I’d like to start this blog post with a little background on progesterone. Progesterone is fascinating and it affects a lot more than just the menstrual cycle. We are starting to understand just how big of an impact progesterone has, and the research project I am working on is beginning to show some of the potential applications of progesterone in medicine. These applications include improving recovery time after traumatic brain injury and strokes, as well as helping us understand postpartum depression (PPD) and premenstrual dysphoric disorder (PMDD).
PMDD is similar in mechanism with postpartum depression, although the exact mechanism is still being researched. Some research suggests a hormonal influence, as allopregnanolone, an offshoot neuroregulator of progesterone, modulates GABA, which is a neurotransmitter related to mood and anxiety. Too much GABA results in increased anxiety and mood related issues, so it is a logical conclusion that the drop in progesterone during the late luteal phase of the menstrual cycle would result in excess GABA and therefore symptoms of PMDD.
The article we discussed looked at PET scans of 12 women with and 12 women without a diagnosis of PMDD, taking scans during the follicular phase and the late luteal phase of their menstrual cycles. The women in the study were screened for two months with mood surveys and then taken in for a day of PET scans and blood/urine samples, once during the follicular phase and once during the late luteal phase, when the symptoms of PMDD would have begun. PMDD can affect certain brain functions, so they were using the PET scan to detect brain dysfunction, such as one study the article looked at that showed frontal lobe dysfunction associated with PMDD.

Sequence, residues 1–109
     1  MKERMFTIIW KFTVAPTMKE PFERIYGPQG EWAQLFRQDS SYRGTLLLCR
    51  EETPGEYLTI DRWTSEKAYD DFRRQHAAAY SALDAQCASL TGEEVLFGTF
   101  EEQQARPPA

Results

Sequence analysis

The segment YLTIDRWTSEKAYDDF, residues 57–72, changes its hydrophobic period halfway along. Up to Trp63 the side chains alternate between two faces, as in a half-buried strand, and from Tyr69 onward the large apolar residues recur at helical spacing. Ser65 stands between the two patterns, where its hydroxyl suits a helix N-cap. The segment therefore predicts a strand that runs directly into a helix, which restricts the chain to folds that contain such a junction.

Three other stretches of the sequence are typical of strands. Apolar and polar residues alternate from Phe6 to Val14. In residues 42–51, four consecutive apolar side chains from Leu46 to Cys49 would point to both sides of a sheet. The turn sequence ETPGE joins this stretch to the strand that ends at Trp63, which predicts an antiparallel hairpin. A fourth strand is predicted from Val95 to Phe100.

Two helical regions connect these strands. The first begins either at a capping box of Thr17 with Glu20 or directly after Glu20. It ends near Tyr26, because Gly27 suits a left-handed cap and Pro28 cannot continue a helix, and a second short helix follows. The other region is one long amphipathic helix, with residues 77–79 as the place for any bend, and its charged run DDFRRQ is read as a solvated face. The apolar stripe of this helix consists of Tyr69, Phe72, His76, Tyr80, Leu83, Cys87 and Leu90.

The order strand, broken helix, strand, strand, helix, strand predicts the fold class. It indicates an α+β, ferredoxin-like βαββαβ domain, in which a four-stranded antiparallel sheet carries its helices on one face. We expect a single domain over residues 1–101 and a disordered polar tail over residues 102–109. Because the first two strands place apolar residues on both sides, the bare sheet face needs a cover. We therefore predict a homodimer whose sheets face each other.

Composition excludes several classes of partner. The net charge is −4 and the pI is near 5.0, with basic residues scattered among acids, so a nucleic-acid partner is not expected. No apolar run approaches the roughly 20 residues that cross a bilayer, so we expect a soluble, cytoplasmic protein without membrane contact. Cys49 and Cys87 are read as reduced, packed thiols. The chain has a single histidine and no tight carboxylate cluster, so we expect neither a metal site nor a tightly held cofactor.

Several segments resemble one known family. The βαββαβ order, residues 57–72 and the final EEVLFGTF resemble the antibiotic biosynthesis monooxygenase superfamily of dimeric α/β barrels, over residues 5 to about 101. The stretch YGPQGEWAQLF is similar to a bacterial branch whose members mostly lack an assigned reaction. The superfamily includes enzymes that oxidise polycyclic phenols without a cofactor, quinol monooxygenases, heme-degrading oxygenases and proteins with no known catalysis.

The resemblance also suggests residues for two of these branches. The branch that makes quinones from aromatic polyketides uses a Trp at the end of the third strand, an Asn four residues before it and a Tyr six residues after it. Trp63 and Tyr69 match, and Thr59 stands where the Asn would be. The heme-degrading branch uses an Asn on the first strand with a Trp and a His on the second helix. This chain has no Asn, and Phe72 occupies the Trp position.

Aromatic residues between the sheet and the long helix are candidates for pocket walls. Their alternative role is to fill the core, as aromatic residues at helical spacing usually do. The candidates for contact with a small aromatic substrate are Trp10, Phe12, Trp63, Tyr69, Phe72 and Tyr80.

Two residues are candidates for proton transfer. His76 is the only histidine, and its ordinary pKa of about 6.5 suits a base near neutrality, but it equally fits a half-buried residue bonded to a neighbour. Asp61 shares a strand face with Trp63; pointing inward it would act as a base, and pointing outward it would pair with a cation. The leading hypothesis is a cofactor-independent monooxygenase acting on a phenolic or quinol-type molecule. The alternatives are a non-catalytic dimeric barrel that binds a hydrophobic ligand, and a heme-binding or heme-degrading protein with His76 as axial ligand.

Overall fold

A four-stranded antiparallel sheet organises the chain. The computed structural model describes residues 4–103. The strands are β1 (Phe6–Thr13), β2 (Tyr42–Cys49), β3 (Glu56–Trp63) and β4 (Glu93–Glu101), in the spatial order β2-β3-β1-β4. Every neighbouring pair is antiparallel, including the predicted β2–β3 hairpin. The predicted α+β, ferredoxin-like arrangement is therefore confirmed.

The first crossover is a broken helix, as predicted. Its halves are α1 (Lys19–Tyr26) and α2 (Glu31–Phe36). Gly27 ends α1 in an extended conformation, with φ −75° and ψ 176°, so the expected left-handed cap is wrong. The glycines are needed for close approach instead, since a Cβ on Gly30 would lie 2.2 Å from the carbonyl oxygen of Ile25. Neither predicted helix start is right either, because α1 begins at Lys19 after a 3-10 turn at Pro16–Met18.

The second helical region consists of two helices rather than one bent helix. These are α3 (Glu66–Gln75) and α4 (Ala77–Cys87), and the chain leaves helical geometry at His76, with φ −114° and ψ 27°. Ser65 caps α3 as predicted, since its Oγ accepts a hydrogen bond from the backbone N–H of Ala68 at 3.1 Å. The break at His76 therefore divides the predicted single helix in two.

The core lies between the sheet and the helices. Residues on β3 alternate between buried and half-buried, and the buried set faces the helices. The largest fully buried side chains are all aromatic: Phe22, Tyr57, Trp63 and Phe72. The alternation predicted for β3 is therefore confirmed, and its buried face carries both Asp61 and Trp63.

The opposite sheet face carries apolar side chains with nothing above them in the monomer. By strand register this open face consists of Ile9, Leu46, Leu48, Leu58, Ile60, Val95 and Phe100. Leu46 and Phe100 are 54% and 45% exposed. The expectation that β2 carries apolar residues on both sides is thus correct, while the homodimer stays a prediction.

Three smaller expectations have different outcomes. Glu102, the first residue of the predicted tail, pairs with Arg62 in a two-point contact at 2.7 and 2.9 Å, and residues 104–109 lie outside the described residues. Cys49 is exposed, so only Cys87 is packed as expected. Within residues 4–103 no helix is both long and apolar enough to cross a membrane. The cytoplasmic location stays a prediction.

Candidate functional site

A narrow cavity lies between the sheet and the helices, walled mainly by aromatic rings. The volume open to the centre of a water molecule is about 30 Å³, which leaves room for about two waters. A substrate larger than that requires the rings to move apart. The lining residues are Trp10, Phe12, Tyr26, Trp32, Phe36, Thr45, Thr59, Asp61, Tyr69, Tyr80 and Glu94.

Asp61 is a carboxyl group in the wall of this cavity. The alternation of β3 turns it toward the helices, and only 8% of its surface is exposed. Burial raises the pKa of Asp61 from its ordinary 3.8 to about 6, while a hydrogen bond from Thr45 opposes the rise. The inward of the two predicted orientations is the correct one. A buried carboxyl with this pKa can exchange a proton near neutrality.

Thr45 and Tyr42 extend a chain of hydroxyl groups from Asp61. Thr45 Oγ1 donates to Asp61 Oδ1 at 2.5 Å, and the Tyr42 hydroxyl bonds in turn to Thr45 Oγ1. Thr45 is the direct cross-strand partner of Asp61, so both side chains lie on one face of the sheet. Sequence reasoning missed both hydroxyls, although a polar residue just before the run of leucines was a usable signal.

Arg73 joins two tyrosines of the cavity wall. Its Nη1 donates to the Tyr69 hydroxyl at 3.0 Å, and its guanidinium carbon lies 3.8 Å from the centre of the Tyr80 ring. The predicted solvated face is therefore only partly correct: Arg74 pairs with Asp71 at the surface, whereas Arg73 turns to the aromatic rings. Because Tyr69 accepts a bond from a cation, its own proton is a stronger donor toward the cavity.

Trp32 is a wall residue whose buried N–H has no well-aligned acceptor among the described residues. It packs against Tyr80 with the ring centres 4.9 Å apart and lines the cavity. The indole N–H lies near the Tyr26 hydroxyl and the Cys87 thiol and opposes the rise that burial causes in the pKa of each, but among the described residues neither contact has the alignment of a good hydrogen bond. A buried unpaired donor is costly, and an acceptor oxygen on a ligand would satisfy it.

The hormone measurements didn’t show anything significant and PET scans showed increased cerebellum activity from follicular to late luteal phase in PMDD women only. The cerebellum has many GABA receptors, which is a possible explanation of this, but in journal club, we wondered if it is the lack of modulation after a drop in the progesterone, or if there is something going on with the number of receptors, such as perhaps some sort of diminished sensitivity to allopregnanolone.
In journal club, we discussed some of the problems we had with this study. Someone brought up the small sample size and too few collection times for samples and scan. The fact that only one cycle was measured impacted the study. Kate also mentioned that blood hormones are a less useful measure than salivary hormone measurements. Finally, while the article states that the cause of PMDD is an overactive cerebellum in women suffering from PMDD, they never really reach a definite reason for what is causing the increased action. Ultimately, the article would have benefitted from examining the hormones more closely and more often.
Rapkin AJ, Berman SM, Mandelkern MA, Silverman DH, Morgan M, & London ED (2011). Neuroimaging evidence of cerebellar involvement in premenstrual dysphoric disorder. Biological psychiatry, 69 (4), 374-80 PMID: 21092938